Alan Cousin was a vital cog not just in the side which brought the Scottish League Championship to Dens Park in 1962 but throughout his eleven years at the Club, finishing as top goal scorer on three occasions.
Sporting mainly the number nine shirt, the lanky striker proved the perfect foil for fellow front man Alan Gilzean and between them proved to be a very effective partnership that shot Dundee not only to the league title but also to the European Cup semis and Scottish Cup Final in the subsequent years.
Born at the start of the Second World War in Clackmannanshire, Alan’s first choice sport was rugby and it wasn’t until the age of sixteen that his football career began in earnest when he helped out Alloa Y.M.C.A. as a centre-forward when they were short of players. Having played rugby for the school in the morning, he managed to impress with the round ball in the afternoon scoring twice and within a year was in the Scottish Youth side which defeated England 8-1 at Ayr.
Senior scouts were soon alerted to this fast emerging talent and Dundee manager Willie Thornton persuaded him to sign for the Dark Blues at the age of sixteen in 1955 and so by the time of Dundee’s Championship triumph, he was Dundee’s longest serving player.
Less than a year had passed before Alan made his debut to replace the injured George Merchant on March 3rd 1956 in a 3-1 defeat at Falkirk and his first goal for the Club came a month later at Dens, in a friendly against newly crowned English Champions Manchester United. In a match in which Bobby Charlton made his debut for the Red Devils, Dundee trounced the Busby Babes 5-1 and by the end of the season, Alan had made half a dozen appearances, scoring once more against Motherwell at Fir Park.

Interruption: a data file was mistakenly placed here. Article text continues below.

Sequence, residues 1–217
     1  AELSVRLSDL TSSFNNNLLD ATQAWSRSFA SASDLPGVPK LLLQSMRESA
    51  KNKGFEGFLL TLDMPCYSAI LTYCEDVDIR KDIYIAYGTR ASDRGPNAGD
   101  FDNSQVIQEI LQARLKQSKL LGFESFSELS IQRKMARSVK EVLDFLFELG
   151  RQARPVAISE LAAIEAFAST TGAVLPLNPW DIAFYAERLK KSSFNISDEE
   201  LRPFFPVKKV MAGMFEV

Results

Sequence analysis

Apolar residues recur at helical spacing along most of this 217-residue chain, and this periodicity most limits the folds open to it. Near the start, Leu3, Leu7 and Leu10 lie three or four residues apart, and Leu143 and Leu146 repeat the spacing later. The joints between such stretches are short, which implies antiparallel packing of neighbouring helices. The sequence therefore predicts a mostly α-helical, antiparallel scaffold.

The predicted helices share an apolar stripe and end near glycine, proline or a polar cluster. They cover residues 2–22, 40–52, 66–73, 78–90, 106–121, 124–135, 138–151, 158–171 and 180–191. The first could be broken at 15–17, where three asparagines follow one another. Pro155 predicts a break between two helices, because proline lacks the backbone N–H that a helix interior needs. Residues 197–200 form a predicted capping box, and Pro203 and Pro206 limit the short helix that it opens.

Alan was delighted to get a chance in the side that included big names like Doug Cowie and Bill Brown but he chose to combine his early senior career with a St. Andrews’ University degree course which was to stand him in good stead in the years ahead. There he studied Greek and Latin for an Arts degree and became a secondary school teacher in his home town of Alloa after completing a teacher training degree in Dundee and continued to do so after retiring from the game.
Throughout his playing career, Alan astonishingly in modern day terms, remained part-time and while at University, trained on his own with a regime prepared by Dundee trainer Archie McAuley on the St. Andrews beach that was later made famous in the introduction to the film Chariots of Fire.
When Alan graduated to the classroom, he trained three nights a week with Falkirk but there was no fear that all his brains were in his head for during his time at Dens, he gained international caps for the Scottish League and at Under-23 and youth level.
Alan was soon knocking the goals in on a regular basis and he became Dundee’s top goal scorer three years in a row from 1958 to 1960. He became known as ‘the king of the double shuffle’ with a unique scissors movement which seemed to propel him away from opponents in an instant and he regularly mesmerised teams at both home and abroad.
By the end of the 1959/60 season Bob Shankly was now in charge at Dens and Cousin was playing up front with Alan Gilzean and the good times were just around the corner.